Each year people like to growse and complain. However, the list is accurate, and the parts that are up to date point out specific and explicit things that can be fixed to help get Linux on par with the other available desktop options.
If you want to be helpful... read the article... see where you can help either by writing code to fix the problems OR by identifying more specifically what is wrong (or maybe it's fixed in some distro you can point to the others will soon copy).
The power of open-source compels you. Or not. Your chance to shine and help out.
What used to be the former "largest media and distribution company ever" (AOL Time Waner) is now nothing more than a garage of pieces being parceled off to the first available bidder. This might be good for consumers, but recently Time Warner (and Comcast) won awards for consumer hatred. http://time.com/106016/comcast...
gavron writes: Mit has released their report on the Aaron Swartz incident. They also include an MD5 fingerprint. Sadly for MIT's great cryptography genius, having the signature on the same page as its reference and the same site as the file means nothing. More on MD5 hashes here. Noted crypto researched Bruce Schneier said MD5 had to go almost ten years ago.
gavron writes: The ACLU has filed suit against DHS for TSA conducting illegal searches and detention. In the instant case it was a Ron Paul staffer with campaign dollars. The suit seeks to address TSA searching anything that has nothing to with increasing security on aircraft and instead doing unlawful 4th amendment violating searches (such as those of laptops, thumbdrives, etc.)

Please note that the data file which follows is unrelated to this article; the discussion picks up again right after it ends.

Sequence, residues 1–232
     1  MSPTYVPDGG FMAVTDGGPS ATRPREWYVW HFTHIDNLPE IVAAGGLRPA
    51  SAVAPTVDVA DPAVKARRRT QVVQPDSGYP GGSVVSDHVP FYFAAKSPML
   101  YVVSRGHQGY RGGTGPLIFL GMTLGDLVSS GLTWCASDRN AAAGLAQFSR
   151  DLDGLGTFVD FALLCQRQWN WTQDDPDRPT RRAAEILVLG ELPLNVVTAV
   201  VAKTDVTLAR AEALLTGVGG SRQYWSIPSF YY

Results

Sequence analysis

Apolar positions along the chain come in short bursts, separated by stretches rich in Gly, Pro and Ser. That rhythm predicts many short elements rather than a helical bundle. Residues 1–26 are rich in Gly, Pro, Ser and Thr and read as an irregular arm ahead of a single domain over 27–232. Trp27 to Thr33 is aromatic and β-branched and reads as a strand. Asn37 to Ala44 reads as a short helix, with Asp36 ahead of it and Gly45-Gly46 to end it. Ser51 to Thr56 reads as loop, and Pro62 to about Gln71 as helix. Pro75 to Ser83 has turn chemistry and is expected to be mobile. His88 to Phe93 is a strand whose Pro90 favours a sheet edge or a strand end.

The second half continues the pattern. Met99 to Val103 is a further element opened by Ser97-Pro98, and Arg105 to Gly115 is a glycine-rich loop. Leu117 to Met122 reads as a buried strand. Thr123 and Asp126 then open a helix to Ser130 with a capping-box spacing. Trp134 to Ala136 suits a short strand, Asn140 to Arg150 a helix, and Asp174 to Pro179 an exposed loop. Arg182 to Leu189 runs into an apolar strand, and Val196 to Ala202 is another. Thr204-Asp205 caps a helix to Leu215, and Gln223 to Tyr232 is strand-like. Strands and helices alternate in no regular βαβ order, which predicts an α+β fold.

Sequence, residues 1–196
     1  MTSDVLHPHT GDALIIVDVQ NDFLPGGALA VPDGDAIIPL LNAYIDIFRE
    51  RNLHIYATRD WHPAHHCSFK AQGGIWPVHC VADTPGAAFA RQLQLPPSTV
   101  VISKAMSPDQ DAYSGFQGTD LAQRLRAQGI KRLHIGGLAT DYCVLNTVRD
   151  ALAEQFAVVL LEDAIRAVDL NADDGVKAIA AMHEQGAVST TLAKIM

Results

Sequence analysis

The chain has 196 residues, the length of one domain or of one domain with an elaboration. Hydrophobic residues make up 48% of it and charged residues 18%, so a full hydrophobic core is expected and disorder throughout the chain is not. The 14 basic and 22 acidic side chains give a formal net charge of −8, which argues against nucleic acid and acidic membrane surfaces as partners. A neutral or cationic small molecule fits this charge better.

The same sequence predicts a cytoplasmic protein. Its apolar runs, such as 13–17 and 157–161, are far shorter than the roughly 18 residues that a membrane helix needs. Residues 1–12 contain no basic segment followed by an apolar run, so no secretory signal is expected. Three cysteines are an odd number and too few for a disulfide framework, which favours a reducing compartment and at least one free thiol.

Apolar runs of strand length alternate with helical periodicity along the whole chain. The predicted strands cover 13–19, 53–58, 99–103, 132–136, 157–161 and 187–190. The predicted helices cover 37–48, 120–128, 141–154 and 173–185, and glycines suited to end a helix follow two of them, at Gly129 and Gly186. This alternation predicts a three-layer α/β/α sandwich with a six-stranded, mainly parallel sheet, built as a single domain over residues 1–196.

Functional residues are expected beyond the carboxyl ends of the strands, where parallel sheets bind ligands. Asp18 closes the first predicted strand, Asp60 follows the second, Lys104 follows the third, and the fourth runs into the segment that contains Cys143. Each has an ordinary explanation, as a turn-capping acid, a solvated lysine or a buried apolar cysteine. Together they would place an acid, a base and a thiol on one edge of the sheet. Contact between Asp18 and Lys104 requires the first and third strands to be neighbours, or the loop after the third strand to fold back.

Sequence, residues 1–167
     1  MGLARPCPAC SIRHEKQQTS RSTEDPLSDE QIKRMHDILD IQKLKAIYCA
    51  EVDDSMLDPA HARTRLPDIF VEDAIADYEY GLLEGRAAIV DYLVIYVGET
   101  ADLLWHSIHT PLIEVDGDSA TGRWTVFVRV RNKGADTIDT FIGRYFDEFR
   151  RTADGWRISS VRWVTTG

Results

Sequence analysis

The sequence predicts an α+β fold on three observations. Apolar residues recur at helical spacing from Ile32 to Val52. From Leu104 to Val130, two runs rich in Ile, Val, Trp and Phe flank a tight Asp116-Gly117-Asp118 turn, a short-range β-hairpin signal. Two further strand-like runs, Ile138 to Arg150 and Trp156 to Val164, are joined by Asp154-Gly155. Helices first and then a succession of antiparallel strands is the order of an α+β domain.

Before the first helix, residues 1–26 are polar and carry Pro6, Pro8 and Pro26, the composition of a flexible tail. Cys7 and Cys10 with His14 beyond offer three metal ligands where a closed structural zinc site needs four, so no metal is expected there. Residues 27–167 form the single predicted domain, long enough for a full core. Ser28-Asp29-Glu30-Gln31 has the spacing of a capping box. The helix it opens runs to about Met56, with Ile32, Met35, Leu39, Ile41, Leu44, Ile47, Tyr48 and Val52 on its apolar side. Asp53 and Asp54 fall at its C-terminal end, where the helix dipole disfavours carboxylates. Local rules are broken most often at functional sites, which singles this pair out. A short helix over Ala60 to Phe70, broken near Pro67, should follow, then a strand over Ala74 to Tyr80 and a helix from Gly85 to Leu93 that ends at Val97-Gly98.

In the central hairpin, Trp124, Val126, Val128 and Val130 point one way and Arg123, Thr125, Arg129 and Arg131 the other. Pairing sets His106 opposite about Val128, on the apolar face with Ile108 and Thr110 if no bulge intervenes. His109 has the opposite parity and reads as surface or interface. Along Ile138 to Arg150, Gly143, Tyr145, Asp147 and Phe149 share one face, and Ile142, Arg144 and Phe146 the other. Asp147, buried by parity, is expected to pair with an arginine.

gavron writes: SPRINT has a series of commercials where they indicate clearly the contents of the phone and data conversations their customers are having. Here are quotes from one:
"Welcome to the Now network. Right now 379 couples are splitting up, 253 by phone, 42 by email, and 84 by text message. 13,000 people are streaming Pandora on a bus[so they're tracking user too?], 3700 people just found all their friends on Loot. 92 just realized they were in the exact same place. That's happening now..." Etc.
A common carrier has a duty not to snoop on its users' data without a warrant and even more so not to disclose the nature of the contents, even if in aggregate. I know SPRINT wants to pretend that they have a 4G network (whatever _that_ is) but the way to do it is not to disclose the nature of the use of their current network. This is a perfect example of a carrier using confidential data for marketing purposes (or lying and making it up — take your pick, this isn't a Lesley Smith Ethical Problem, it's simple ethics.)
"LONDON (Reuters) — The kind of ratings used for films could be applied to websites in a bid to better police the Internet and protect children from harmful and offensive material, Culture Secretary Andy Burnham has said.
Burnham told The Daily Telegraph newspaper, published on Saturday, that the government was planning to negotiate with the administration of U.S. President-elect Barack Obama to draw up new international rules for English language websites.